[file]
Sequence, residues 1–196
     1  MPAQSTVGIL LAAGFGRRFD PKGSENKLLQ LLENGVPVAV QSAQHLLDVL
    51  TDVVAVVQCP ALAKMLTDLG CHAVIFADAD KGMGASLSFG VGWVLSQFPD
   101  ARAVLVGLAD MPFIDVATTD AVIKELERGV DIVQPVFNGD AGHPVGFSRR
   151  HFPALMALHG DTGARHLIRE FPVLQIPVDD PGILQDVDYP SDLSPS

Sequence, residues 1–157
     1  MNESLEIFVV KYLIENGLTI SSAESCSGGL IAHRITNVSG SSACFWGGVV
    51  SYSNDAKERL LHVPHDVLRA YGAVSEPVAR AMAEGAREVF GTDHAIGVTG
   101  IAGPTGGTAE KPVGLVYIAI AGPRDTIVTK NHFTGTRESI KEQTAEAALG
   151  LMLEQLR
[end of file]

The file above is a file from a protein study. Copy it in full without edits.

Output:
Sequence, residues 1–196
     1  MPAQSTVGIL LAAGFGRRFD PKGSENKLLQ LLENGVPVAV QSAQHLLDVL
    51  TDVVAVVQCP ALAKMLTDLG CHAVIFADAD KGMGASLSFG VGWVLSQFPD
   101  ARAVLVGLAD MPFIDVATTD AVIKELERGV DIVQPVFNGD AGHPVGFSRR
   151  HFPALMALHG DTGARHLIRE FPVLQIPVDD PGILQDVDYP SDLSPS

Sequence, residues 1–157
     1  MNESLEIFVV KYLIENGLTI SSAESCSGGL IAHRITNVSG SSACFWGGVV
    51  SYSNDAKERL LHVPHDVLRA YGAVSEPVAR AMAEGAREVF GTDHAIGVTG
   101  IAGPTGGTAE KPVGLVYIAI AGPRDTIVTK NHFTGTRESI KEQTAEAALG
   151  LMLEQLR